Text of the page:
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VOL. 123 | NO. 250 | Tuesday, December 23, 2008

Luminetx Sues Former Execs

By Tom Wilemon

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Editor’s Note: On Oct. 9, 2009, it was announced that Roxane Bischofberger and Luminetx Corp. settled their dispute amicably on terms agreeable to both sides, and all claims and counterclaims have been dismissed. The litigation was resolved pursuant to a confidential settlement.

Memphis-based Luminetx Corp. is accusing two former executives of allegedly taking trade secrets to a company that it is suing for patent infringement.

Luminetx filed suit last week against Greg Candelmo, its former vice president of sales, and Roxane Bischofberger, its former director of clinical research, in Shelby County Chancery Court, according to the The Daily News Online, memphisdailynews.com.

That suit comes on the heels of a federal patent infringement suit that Luminetx filed in April against AccuVein LLC.

AccuVein, which is based in Cold Spring Harbor, N.Y., is launching a product that enables veins to be viewed easily underneath the skin. Luminetx began selling a product with this function, the VeinViewer, in fall 2006.

Herb Zeman, the founder of Luminetx, is the inventor of the VeinViewer technology. Luminetx contends that AccuVein is infringing the patent awarded to Zeman in 1999, according to the complaint Luminetx filed in federal court.

In an answer to that complaint, AccuVein denies any patent infringement.

Stephen Conlon, the president of AccuVein, declined to comment on the Chancery Court filing because his company is not a defendant in that suit. However, he did speak to the federal lawsuit alleging patent infringement.

“We are aware of the lawsuit, naturally,” Conlon said. “We are vigorously defending it. We’re highly confident that we are going to prevail in the suit.”

His company’s product will be on the market in March, he said.

The federal case is scheduled for a jury trial in January 2010.

In the second lawsuit, which was filed last week in Shelby County Chancery Court, AccuVein is mentioned throughout the court filing.

Candelmo, now an employee of AccuVein, has provided it with information on Luminetx customers and sales force since his employment ended with the Memphis company in April, according to the court papers.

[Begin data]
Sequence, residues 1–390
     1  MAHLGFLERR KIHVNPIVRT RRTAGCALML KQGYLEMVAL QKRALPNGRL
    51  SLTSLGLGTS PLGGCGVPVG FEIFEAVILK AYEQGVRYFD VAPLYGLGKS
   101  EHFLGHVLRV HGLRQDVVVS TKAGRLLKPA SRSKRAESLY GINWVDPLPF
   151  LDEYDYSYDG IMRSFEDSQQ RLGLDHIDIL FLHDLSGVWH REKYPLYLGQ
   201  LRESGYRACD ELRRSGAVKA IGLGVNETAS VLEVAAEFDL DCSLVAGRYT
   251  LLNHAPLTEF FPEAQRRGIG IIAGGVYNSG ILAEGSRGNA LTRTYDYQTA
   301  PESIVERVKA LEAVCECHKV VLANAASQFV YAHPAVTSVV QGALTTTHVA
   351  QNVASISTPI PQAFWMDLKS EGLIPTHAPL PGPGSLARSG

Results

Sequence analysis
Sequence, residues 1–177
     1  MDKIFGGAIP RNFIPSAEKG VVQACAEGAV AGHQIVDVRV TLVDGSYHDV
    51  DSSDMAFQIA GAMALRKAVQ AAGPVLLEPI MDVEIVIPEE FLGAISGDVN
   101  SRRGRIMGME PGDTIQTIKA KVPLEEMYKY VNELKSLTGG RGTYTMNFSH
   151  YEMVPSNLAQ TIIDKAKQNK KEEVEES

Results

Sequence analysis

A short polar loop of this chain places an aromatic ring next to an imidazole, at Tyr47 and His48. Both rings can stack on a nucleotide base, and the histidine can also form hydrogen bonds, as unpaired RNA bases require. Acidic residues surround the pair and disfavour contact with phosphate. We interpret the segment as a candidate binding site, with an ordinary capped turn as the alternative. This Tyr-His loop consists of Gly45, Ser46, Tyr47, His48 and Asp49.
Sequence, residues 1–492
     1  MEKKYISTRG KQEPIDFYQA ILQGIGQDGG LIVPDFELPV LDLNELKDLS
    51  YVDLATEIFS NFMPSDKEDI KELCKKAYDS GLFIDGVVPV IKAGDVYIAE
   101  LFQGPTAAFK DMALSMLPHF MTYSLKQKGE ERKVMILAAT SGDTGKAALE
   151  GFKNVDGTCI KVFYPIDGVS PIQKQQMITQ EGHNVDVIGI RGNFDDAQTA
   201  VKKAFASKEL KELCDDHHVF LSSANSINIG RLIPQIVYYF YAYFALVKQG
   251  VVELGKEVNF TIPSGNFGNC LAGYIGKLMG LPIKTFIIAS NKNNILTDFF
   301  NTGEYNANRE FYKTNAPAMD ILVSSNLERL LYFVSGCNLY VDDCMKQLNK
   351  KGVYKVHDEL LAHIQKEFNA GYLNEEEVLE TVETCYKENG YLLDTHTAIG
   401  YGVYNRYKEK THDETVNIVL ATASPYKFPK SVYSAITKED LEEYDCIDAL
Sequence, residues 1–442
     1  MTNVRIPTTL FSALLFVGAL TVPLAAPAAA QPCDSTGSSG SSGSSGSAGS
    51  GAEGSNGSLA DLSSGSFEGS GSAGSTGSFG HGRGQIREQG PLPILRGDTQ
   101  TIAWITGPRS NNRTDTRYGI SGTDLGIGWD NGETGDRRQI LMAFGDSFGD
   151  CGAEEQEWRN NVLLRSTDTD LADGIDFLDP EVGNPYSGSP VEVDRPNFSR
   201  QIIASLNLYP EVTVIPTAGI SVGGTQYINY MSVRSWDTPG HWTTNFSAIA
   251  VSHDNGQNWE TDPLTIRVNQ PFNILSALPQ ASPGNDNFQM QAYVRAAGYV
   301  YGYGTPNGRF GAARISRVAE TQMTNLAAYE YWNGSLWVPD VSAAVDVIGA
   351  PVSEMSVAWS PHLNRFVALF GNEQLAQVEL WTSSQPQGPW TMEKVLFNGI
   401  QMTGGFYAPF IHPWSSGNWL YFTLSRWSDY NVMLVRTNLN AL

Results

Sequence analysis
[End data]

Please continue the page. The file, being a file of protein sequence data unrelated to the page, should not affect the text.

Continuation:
“On or about October 2008, Candelmo on behalf of AccuVein directly contacted Luminetx customers about the AccuVein device,” the complaint states. “The confidential information utilized by Candelmo to contact these Luminetx customers constituted confidential information under the Candelmo (confidentiality agreement) and trade secrets under Tennessee law. Candelmo’s use of such confidential information during his employment with AccuVein constitutes a breach of the Candelmo (confidentiality agreement) by Candelmo.”

The complaint alleges that also in October, a representative of AccuVein began trying to recruit members of the Luminetx sales force. Luminetx contends that the names of the sales staff could only have been obtained through Candelmo.

Bischofberger does not work for AccuVein but provided the company with trade secrets when she tried to obtain a job there, Luminetx alleges.

“As part of her effort to gain employment with AccuVein, Bischofberger intentionally, maliciously and wrongfully solicited and obtained the disclosure of highly confidential and proprietary information regarding Luminetx’s product development plans from at least one of Luminetx’s employees,” the complaint states. “Bischofberger exploited a professional relationship that she had developed with that employee and wrongfully procured that confidential information.

“Upon obtaining the confidential information from the Luminetx employee, and in violation of her common law and contractual duties to maintain the secrecy of that information, Bischofberger forwarded that information to a representative of AccuVein.”

The complaint filed last week in Chancery Court on behalf of Luminetx only gives one side of a dispute. Candelmo and Bischofberger have not filed answers to the complaint.

Candelmo, who is now vice president of strategic accounts for AccuVein, said Monday that he had just received notice of the lawsuit that morning and needed to check with his attorney before commenting.

Attempts by The Daily News to contact Bischofberger were not successful.

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